Amnesty director has no visitors due to lack of immediate family

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Director of Amnesty International (AI) Turkey Idil Eser, who has been jailed since her detention on July 5, has no visitors since she does not have any immediate family.

According to government decree No. 667 issued under a state of emergency (OHAL) that was put into effect soon after a botched coup attempt in Turkey last July, people who are arrested on terrorism charges can only meet with their immediate family and lawyers once a week.

Eser’s lawyer, Erdal Doğan, said: “İdil Eser’s father and mother are not alive, she has no siblings, she is not married and has no children. According to the OHAL law, nobody can go to visit her. Thus, because of the OHAL law she has no visitors. This is a most serious violation of human rights and the law.”

Reminding that before the existence of OHAL decrees prisoners could give the names of people who would visit them, Doğan said friends of Eser would file a petition with the prosecutor’s office to ask for permission to visit her.

Six human rights activists, including Eser and German human rights consultant Peter Steudtner, who were detained on July 5 during a workshop at a hotel on İstanbul’s Büyükada, were put in pre-trial detention by an İstanbul court on July, 18.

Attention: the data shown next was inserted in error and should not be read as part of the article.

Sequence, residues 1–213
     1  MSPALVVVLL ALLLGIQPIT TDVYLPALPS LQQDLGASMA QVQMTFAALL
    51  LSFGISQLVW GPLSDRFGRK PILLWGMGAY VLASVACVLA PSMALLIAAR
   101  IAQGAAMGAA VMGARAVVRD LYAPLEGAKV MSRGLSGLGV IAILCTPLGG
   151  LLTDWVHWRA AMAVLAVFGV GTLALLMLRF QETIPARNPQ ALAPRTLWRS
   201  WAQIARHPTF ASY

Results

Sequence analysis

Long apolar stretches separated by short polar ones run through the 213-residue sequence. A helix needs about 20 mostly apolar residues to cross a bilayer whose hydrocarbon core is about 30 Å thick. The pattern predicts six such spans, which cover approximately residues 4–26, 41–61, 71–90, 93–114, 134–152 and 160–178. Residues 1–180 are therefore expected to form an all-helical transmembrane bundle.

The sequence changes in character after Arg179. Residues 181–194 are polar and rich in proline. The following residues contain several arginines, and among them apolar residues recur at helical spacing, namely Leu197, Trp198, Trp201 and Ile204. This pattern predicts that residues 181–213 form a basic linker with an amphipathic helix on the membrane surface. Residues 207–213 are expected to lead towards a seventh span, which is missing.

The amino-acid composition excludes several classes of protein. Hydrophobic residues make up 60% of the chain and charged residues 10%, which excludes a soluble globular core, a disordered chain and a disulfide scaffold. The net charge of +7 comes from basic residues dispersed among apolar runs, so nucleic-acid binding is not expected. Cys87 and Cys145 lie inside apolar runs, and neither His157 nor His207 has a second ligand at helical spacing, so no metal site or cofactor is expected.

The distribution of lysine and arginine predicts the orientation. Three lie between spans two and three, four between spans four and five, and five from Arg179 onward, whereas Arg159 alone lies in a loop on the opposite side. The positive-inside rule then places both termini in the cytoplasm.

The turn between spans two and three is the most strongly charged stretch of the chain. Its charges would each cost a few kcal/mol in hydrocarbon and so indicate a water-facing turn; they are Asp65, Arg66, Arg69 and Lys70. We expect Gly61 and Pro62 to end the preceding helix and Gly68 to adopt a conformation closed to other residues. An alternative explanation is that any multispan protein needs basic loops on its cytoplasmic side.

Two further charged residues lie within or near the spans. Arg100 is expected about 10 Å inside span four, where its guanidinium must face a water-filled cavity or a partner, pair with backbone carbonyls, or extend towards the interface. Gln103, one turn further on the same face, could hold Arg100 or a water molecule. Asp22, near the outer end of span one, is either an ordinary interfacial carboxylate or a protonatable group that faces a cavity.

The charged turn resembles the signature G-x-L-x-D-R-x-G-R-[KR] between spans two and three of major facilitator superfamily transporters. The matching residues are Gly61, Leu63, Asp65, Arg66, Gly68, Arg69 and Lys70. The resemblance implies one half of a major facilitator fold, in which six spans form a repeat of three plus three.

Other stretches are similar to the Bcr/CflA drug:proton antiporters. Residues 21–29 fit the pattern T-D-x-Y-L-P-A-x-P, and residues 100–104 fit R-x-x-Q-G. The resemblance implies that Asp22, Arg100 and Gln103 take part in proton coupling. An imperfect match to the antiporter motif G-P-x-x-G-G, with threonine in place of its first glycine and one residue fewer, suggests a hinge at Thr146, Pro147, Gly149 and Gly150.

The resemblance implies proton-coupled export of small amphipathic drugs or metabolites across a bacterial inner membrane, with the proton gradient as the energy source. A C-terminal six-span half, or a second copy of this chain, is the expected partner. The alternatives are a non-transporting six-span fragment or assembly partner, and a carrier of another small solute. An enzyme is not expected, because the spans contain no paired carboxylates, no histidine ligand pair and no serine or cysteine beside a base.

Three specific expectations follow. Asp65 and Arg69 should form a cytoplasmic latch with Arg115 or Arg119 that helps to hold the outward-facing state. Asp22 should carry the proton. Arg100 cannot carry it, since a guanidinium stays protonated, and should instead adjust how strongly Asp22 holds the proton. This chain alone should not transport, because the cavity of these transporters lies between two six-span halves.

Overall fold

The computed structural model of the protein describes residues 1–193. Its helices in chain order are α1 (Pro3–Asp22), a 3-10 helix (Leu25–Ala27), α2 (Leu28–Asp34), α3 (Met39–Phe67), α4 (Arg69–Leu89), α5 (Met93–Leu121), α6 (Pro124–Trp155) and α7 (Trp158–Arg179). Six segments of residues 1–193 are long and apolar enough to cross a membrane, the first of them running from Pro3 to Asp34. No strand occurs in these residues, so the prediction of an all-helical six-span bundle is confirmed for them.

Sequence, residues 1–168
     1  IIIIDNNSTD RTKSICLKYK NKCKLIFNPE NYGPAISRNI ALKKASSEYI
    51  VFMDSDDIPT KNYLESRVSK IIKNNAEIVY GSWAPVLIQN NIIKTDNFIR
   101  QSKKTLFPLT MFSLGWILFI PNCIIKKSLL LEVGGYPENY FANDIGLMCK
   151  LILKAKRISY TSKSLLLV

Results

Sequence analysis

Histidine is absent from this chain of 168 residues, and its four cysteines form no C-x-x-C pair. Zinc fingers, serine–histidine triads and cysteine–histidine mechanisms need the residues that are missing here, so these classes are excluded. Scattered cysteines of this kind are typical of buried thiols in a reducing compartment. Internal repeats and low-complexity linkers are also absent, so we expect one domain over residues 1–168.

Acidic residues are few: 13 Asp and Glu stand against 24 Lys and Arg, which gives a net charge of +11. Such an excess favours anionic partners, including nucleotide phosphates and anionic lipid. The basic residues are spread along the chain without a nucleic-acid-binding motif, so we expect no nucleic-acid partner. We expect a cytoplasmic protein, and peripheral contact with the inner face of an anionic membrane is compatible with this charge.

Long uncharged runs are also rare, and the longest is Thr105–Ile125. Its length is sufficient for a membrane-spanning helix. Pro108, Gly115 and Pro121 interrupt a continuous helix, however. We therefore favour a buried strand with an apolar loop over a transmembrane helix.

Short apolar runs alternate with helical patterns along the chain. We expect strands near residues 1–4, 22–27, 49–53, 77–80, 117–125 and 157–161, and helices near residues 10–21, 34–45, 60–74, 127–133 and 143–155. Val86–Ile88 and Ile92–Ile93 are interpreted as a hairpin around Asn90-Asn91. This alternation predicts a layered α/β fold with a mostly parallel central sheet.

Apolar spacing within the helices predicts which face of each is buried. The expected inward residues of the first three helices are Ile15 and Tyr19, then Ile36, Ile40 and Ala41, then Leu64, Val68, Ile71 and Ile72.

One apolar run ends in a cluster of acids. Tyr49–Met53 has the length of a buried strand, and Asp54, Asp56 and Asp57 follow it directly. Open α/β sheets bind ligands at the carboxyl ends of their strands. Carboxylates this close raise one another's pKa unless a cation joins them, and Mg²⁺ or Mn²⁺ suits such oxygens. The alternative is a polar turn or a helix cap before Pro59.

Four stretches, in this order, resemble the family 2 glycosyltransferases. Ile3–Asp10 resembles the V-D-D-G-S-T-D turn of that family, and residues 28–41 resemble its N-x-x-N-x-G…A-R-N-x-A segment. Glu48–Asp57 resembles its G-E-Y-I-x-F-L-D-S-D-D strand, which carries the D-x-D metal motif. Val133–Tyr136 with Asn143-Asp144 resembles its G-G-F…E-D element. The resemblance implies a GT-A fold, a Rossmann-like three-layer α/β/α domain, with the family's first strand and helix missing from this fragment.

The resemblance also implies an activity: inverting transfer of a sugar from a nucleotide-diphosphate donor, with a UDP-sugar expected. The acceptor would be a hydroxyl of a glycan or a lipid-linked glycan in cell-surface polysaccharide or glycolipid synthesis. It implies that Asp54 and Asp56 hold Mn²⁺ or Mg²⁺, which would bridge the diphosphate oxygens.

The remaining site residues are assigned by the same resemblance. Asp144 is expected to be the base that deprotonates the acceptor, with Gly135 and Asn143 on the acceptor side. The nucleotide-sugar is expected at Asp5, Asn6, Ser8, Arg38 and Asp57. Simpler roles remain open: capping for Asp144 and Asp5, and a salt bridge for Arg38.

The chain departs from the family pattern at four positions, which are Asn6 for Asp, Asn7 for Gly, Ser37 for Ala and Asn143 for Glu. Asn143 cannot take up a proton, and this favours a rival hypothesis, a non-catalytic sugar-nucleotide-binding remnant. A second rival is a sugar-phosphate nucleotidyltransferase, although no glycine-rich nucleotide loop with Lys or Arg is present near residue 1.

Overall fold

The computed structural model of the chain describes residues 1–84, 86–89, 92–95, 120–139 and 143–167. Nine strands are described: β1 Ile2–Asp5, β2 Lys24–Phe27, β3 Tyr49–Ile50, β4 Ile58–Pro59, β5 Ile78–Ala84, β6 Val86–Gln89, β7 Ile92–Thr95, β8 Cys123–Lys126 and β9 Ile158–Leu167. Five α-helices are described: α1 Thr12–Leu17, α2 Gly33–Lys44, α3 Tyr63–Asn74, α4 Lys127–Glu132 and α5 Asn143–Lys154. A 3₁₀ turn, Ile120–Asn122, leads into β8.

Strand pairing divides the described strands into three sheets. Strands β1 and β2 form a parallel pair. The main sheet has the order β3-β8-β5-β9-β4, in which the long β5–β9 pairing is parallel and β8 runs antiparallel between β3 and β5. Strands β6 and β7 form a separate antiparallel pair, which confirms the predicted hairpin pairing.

While two of four human rights defenders who were previously detained and released earlier this week in İstanbul were taken into custody again on Saturday, two other rights activists were freed on Tuesday on judicial probation subject to an international travel ban.

AI Europe Director John Dalhuisen said the entire human rights movement in Turkey is being threatened, in response to remarks by Turkish Foreign Minister Mevlüt Çavuşoğlu that came during a press conference with High Representative for Foreign Affairs Federica Mogherini in Brussels on Tuesday.

“The absurd case against Idil Eser is not based on any nefarious activities but instead rests entirely upon the legitimate work of Amnesty International. If this work is criminalized, it is hard to see how the organization – or indeed the wider human rights movement in Turkey – can continue to function,” said Dalhuisen.

Taner Kılıç, a lawyer and chairman of AI’s Turkey’s board, was arrested on June 9, accused of using an application called ByLock on his phone, which according to Turkish government is an evidence of having links to the alleged mastermind of a failed coup attempt on July 15, 2016, Fethullah Gülen, who has denied any involvement.

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